How to create a ZOS-API User Extension to convert from Chebyshev to Extended polynomial

This article is part of the Getting Started with ZOS-API free tutorial.

This article describes how to create a User Extension using the ZOS-API to convert from a Chebyshev polynomial surface to an Extended polynomial surface. The conversion will work up to a 14th order Chebyshev surface, which is currently the maximum allowed in OpticStudio.

Authored By Sandrine Auriol, Katsumoto Ikeda


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Chebyshev polynomials for optical design are becoming increasingly popular, but are difficult to manufature on-site. These polynomials may not be implemented in the tooling CAM (Computer-Aided Manufacturing) equations, the mold correction, and mold shrinkage compensation during injection molding. However, the Extended polynomial surface can be. So, it is useful to have a method to convert the Chebyshev polynomials into Extended polynomials, and vice versa.

What is a User Extension?

In the built-in Help file under The Programming Tab…About the ZOS-API…Plug-In/Extension, a ZOS-API Extension is defined as follows. It is "conceptually very similar to a ZPL Macro – the Extension controls the active OpticStudio instance, blocks user interaction with the UI while it is running and can change virtually any aspect of the active lens system. Initial setup and connection to OpticStudio is identical to the User Operand and User Analysis modes.”

For an extension, the PrimarySystem (found on TheApplication) is always the lens system displayed in OpticStudio. The Extension author can control whether or not changes to PrimarySystem are displayed ‘live’ in the user interface:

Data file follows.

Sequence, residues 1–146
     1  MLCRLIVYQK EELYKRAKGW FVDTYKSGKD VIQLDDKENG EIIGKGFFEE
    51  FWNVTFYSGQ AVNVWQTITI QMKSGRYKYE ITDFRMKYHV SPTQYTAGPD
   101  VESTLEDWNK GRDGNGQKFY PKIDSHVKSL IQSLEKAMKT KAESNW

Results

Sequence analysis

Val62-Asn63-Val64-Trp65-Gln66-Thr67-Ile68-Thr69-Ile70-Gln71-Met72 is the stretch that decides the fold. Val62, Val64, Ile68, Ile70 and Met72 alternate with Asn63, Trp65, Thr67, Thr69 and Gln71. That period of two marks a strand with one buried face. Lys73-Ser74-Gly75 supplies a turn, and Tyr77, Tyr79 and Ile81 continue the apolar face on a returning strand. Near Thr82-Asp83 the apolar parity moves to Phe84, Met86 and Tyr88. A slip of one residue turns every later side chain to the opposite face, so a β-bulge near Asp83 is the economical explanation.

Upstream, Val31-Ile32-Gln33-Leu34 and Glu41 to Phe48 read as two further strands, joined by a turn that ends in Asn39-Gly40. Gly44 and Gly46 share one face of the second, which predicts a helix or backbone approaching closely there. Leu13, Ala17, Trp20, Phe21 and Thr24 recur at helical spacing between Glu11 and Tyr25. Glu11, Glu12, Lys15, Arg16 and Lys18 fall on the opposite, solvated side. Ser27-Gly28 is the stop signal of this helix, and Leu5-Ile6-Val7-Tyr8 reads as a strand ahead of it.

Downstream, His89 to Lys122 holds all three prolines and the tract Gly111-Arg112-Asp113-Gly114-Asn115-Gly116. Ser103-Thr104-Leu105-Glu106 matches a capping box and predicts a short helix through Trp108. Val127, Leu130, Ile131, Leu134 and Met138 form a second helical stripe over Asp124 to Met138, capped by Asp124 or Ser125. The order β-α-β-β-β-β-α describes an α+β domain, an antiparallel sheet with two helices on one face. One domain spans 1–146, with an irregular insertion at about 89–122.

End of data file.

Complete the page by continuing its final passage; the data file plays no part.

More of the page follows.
// Make all changes (i.e. loading a new lens file) immediately

// display in the User interface

TheApplication.ShowChangesInUI = true;

// Do some work

// Do not show any changes in the User interface

TheApplication.ShowChangesInUI = false;

// Do some more work

This setting can be very important when performing a task that results in many rapid changes – such as inserting a large number of rows in the Merit Function Editor. Note that regardless of this setting, the UI will always display the final system when the Extension completes. There are also three additional properties available via the API that are specific to Extensions:

  • TheApplication.TerminateRequested:  this will be true when the user clicks on the Cancel button.
  • TheApplication.ProgressMessage:  sets the current message displayed in the Extension dialog.
  • TheApplication.ProgressPercent:  sets the current progress (0-100%) in the Extension dialog.

Thus, the User-Extension mode gives the user a full control over the lens design and user interface. User extensions can be written using either C++ (COM) or C# (.NET). The User Extension of this article is written in C#.

Open new boilerplate template

Let’s create a User Extension in C#. Navigate to Programming…C#...User Extension:

User Extension New

A Windows Explorer opens with the solution folder {Zemax}\ZOS-API Projects\CSharpUserExtensionApplication1. Visual Studio also opens with a new solution. The solution contains a boilerplate code - a template that can be used as the basis for any User Extension. In Visual Studio, the User Extension is then compiled as an executable. The executable is then copied to the {Zemax)\ZOS-API\Extensions folder so that OpticStudio can use it. 

Open the Chebyshev freeform mirror example

The file “ChebyshevMirror_optimized.zar” is attached to this article. It contains a Chebyshev polynomial acting as a freeform mirror that focuses light coming within +/-10 o field of view in X and Y.

Chebyshev mirror

For more information about the Chebyshev polynomials, see our white paper: Design & Implementation of a New Freeform Surface Based on Chebyshev Polynomials.